Possible ‘sovereign citizen’ allegedly refused to follow COVID-19 rules

Albert McKnight 6 August 2021 5
Elvira Shagabuddinova

Elvira Shagabuddinova, who gives her last name as Useinova, leaves the ACT Courts on Friday. Photo: Albert McKnight.

A woman, suggested to be a sovereign citizen, will face a hearing next year over allegations she wouldn’t comply with COVID-19 safety directions.

Elvira Shagabuddinova, who gave her last name as Useinova in court, was arrested after an incident on Sunday (1 August) at a store in Tuggeranong.

ACT Policing alleged she would not sign into the store using the Check in CBR app.

The store manager asked her to leave, but she allegedly refused, and police were called.

Police said that despite repeated requests, Ms Shagabuddinova still refused to check-in and was arrested.

She first appeared before the ACT Magistrates Court on Monday (2 August) before being taken to hospital for a mental health assessment, but she returned to court on Thursday and Friday after being assessed as having no mental illness.

READ ALSO: Man from Sydney arrested for alleged COVID travel breach

Communication was an issue from the beginning as her first language is Russian. Chief Magistrate Lorraine Walker eventually requested the hearing be delayed by a day to obtain the services of an interpreter.

But before then, Ms Shagabuddinova questioned whether Magistrate Walker had the right to judge her and asked about political immunity.

“I believe I’ve got rights to protect my private information,” she said.

“I’m not a person; you can’t charge me as a person.”

On Friday, prosecutor Elizabeth Wren said, based on what Ms Shagabuddinova had told the court and police, she had suggested she was not bound by laws of the territory and appeared to be, for the lack of a better term, a “sovereign citizen”.

Ms Wren alleged she told police she was not required to comply with the health directives.

Broadly speaking, sovereign citizens believe they are not bound by government laws.

Through the Russian interpreter, Ms Shagabuddinova asked several questions of Magistrate Walker.

READ ALSO: Sydney woman who flew to ACT without valid COVID exemption arrested at midnight

“Is the judge here representing a person who’s alive, or is the judge representing the state?” she asked.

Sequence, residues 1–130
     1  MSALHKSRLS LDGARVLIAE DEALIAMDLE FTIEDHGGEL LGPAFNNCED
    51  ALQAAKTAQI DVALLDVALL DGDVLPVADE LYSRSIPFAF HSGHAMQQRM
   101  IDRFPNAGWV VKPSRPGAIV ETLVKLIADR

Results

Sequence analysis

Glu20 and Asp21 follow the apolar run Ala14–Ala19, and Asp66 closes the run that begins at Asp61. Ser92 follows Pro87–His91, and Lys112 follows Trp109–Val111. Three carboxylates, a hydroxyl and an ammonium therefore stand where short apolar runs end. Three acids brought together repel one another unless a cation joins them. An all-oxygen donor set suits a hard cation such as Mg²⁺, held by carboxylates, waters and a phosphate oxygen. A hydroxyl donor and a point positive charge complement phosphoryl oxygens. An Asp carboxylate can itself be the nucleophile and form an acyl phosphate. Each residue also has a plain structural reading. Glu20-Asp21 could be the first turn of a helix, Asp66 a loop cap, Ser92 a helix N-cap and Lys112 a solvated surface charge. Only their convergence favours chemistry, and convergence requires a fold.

“Does the judge have the right to judge a person who’s alive, a man or a woman?

“Is this court sovereign? If yes, please present the documents.

“Does the judge or the court have unlimited financial liability?”

Ms Shagabuddinova eventually said she wanted to proceed to a hearing, so the court found she entered not guilty pleas to her charges.

The charges were failing to comply with a direction without a reasonable excuse and failing to provide her name or address. There was also a charge of trespassing at a St Vincent de Paul store in Greenway.

Magistrate Walker ordered her to be released from custody without bail and adjourned the matter for a one-day hearing on 20 January 2022.

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5 Responses to Possible ‘sovereign citizen’ allegedly refused to follow COVID-19 rules
mddawson mddawson 12:35 am 12 Aug 21

Does this story imply that she emigrated from Russia to Australia? Doesn’t that process entail documentation that she will abide by Australian laws therefore contradicting the basic premise of a “sovereign citizen”?

Oiledpengu Oiledpengu 8:56 am 09 Aug 21

There’s still heaps of people ignoring the qr codes. Just saw a suit wearing fellow in Big W Woden run past the greeter into the shop full speed. His public service pass flying in the wind

jwinston jwinston 10:55 am 07 Aug 21

I’m guessing little Miss Sovereign Citizen is living here because of the lack of freedom in her native Russia.

A word of advice for the courts – please don’t be cluttered up by these ridiculous people. Fine them and, if the fines aren’t paid, lock them up ($1000 = 1 week incarceration).

GrumpyMark GrumpyMark 8:45 am 07 Aug 21

This article begs the question – Is this the first time Ms Shagabuddinova has entered any premises since QR code (or manual) recording became mandatory in the ACT? Or is this the first time she has encountered premises which follow the requirement to ensure details of all who enter have done what is required?

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